Before the Commencement of the Colonial dispute (Revolution) my grandfather died, leaving a widow and twelve children . . . my grandmother was reduced to great suffering.  The Indians burned her house and carried one of her daughters away captive.  She returned home after the war, scarcely able to speak English.  My grandmother had to fly for protection to the woods and shelter herself and children in the hollow of a large tree.”   [This is the account of Dorothy Hodges written about earlier.]  My father was about 18 years of age at the commencement of the war and was soon engaged in active scenes.  He was not the man that ever shrunk from danger, where duty or necessity called, and was consequently employed by his captain, with other daring young men, in several dangerous adventures against the Tories. . . .  In all these battles, my father never received a single wound, though he never deserted his post and saw many fall dead on his right hand and on his left.  If this was not an evidence of a special providence I know not where to find any.  After the return of peace, my father married Ann [Nancy Ware], daughter of Nicholas Ware, who had emigrated from Virginia and settled on Turkey Creek, Abbeville . . . .  My mother's parents [Nicholas and Peggy Ware] both dying, left under my father's care their two youngest sons, Edward and Nathaniel A. Ware, at a tender age.  He brought then up as his own children and gave them the best education which the schools in his reach afforded. . . .” [For information on Nathaniel Ware, see his section.]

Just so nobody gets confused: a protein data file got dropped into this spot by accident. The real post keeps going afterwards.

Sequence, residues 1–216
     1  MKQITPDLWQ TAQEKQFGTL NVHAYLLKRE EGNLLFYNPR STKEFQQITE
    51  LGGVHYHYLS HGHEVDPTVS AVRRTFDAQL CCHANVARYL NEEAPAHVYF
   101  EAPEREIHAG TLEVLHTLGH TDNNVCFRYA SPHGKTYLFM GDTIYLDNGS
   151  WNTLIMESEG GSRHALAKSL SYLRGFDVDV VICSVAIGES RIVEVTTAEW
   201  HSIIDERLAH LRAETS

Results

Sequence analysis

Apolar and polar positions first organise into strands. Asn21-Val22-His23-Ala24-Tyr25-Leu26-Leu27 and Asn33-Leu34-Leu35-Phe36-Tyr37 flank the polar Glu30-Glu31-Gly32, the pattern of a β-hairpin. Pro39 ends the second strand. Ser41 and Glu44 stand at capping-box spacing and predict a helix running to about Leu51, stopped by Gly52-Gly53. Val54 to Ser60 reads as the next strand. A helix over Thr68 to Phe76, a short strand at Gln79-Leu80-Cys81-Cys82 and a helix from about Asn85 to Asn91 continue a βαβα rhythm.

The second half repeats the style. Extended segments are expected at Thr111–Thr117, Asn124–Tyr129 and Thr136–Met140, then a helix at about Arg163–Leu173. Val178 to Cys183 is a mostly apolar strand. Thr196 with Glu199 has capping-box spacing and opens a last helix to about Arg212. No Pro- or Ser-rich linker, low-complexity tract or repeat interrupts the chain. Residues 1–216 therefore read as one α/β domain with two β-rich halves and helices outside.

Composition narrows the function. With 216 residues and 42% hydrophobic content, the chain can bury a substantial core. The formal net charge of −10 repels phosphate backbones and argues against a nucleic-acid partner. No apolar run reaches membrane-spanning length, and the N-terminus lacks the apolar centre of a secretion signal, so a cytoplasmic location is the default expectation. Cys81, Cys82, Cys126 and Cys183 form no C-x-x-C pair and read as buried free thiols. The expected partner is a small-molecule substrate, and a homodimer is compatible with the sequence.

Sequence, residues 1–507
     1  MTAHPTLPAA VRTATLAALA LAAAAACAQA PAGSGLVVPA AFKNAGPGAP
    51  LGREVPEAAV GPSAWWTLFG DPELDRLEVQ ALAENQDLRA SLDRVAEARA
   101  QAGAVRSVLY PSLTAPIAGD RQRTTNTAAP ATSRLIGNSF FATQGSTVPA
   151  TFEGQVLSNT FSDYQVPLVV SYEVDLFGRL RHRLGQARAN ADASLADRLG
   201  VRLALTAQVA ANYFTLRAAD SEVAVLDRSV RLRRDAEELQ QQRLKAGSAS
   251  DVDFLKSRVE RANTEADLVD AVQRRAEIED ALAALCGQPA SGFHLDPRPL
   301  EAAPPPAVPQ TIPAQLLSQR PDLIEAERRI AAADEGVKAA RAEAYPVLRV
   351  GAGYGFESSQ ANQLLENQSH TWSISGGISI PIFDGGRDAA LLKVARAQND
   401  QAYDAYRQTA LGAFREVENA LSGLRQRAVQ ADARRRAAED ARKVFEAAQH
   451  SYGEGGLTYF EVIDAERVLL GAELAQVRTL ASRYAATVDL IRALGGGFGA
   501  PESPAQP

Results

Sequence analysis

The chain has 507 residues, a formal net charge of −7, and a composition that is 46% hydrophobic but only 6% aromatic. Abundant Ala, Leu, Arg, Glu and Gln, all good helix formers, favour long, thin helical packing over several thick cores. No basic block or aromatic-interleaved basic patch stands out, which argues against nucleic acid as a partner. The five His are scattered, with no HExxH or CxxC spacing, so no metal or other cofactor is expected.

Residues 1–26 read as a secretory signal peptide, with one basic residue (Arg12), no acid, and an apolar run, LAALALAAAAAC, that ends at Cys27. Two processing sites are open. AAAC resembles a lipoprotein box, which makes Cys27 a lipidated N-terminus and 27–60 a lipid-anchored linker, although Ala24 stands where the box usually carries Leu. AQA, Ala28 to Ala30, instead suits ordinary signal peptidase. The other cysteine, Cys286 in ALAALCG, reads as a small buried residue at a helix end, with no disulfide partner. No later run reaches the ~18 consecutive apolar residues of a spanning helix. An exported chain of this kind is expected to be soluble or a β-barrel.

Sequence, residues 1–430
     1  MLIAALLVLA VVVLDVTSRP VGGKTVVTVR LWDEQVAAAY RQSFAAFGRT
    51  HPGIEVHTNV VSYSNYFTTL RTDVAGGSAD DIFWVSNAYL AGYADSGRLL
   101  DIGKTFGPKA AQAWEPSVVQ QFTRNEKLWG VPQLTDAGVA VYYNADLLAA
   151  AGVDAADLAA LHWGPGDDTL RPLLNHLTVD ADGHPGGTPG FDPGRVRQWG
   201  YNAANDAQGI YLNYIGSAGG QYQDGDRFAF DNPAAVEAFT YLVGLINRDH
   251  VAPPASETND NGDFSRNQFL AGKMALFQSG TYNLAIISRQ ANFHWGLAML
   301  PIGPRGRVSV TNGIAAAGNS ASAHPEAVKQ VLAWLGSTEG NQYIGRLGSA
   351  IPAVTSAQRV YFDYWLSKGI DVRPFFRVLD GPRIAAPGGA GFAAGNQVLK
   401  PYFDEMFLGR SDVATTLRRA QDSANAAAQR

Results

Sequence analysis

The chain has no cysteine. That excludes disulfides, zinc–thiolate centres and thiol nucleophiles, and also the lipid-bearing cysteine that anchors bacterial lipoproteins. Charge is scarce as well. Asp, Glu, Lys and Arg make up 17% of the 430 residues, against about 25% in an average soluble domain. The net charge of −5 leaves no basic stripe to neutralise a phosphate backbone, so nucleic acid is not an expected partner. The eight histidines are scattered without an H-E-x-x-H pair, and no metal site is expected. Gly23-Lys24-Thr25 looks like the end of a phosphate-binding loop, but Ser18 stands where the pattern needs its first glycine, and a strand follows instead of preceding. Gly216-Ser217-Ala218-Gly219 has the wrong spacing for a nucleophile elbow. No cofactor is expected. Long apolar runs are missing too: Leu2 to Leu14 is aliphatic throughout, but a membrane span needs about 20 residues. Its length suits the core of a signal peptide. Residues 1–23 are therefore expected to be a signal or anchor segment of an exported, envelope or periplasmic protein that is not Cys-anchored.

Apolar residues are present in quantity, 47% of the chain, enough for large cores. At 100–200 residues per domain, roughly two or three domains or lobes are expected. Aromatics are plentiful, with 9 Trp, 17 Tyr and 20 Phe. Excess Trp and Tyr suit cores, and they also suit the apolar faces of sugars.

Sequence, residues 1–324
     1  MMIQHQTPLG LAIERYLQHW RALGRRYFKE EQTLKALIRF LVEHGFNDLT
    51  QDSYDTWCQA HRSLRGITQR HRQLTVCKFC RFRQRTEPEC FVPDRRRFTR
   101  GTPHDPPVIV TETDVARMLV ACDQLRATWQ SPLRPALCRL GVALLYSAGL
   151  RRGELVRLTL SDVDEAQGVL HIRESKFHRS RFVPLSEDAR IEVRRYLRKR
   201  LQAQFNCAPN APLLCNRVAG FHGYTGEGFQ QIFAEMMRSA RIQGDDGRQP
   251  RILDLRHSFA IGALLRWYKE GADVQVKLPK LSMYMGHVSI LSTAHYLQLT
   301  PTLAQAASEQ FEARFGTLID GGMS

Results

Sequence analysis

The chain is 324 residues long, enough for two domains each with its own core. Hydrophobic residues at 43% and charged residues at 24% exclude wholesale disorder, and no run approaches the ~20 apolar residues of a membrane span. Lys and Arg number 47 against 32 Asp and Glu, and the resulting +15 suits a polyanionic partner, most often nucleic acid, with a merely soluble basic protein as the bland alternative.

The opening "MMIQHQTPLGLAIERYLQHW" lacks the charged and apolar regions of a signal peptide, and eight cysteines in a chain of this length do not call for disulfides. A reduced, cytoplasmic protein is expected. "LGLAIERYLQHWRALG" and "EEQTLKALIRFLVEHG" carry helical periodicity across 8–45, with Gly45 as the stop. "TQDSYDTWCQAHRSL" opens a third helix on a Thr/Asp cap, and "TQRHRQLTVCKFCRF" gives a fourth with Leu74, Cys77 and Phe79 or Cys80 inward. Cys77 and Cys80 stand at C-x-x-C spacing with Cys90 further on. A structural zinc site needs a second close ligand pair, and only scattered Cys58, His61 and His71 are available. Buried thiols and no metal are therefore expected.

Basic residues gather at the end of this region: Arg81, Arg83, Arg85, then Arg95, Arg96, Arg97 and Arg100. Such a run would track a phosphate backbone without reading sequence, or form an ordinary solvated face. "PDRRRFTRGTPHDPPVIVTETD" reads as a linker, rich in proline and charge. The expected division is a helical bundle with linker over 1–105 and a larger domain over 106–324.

“I was born on Lord's day, 1st Jan 1797 and was the sixth of eleven children.  I was delicate in appearance and thought not to be equal to the labors of the farm.  My uncle selected me from the rest and begged my father to keep me at school until he himself should finish his education, and he would then educate me, by way of return to my father for the kindness he had shown to him.  My father did so. . . .  One trait of character early developed itself - that was fondness for reading; but unfortunately I had no access to suitable books. . . .  Having read all I could lay my hands upon in my father's little library, I at length found an old book with very fine and dim print.  I resolved to know its contents. It was the Bible.  I commenced at the beginning and read on with increasing interest.  I often read by fire-light, after the rest of the family had retired to rest, and thus early injured my eyes, from which they never fully recovered.  Very salutary impressions were made on my mind at this age.  I saw that God befriended those patriarchs wherever they were and suffered none to hurt them. I had a great desire to be like them.  I was now about 12 years of age.  In the summer of 1810, my uncle came to carry me to Abbeville, to commence the study of Latin with him, whilst he was pursuing the study of law.”  Nicholas further writes: “I must stop here to review the scenes among which I had been brought up - together with their effect on my mind . . .  my mother [Nancy Ware] had a great respect for religion, which she had imbibed from her parents.  [Nicholas and Peggy Ware.]  They were both pious members of the Baptist church on Turkey Creek.  She used to reprove her children about using bad words and indulging passion.  My father was brought up in the Episcopal Church in Virginia, and certainly had great respect for religion and ministers; but very little for the church in which he had been brought up.  He often read the Testament and other good books, but said nothing to his children about doing so.  The Testament, however, was generally used as a school book . . . .  I hated Latin because I was to be made proud by learning and could not become the humble Christian I had desired since I first read the scriptures, and gave way to grief and melancholy.  After some months my uncle entered me as a student, at Old Cambridge and engaged boarding for me with Mr. Thomas Chiles.”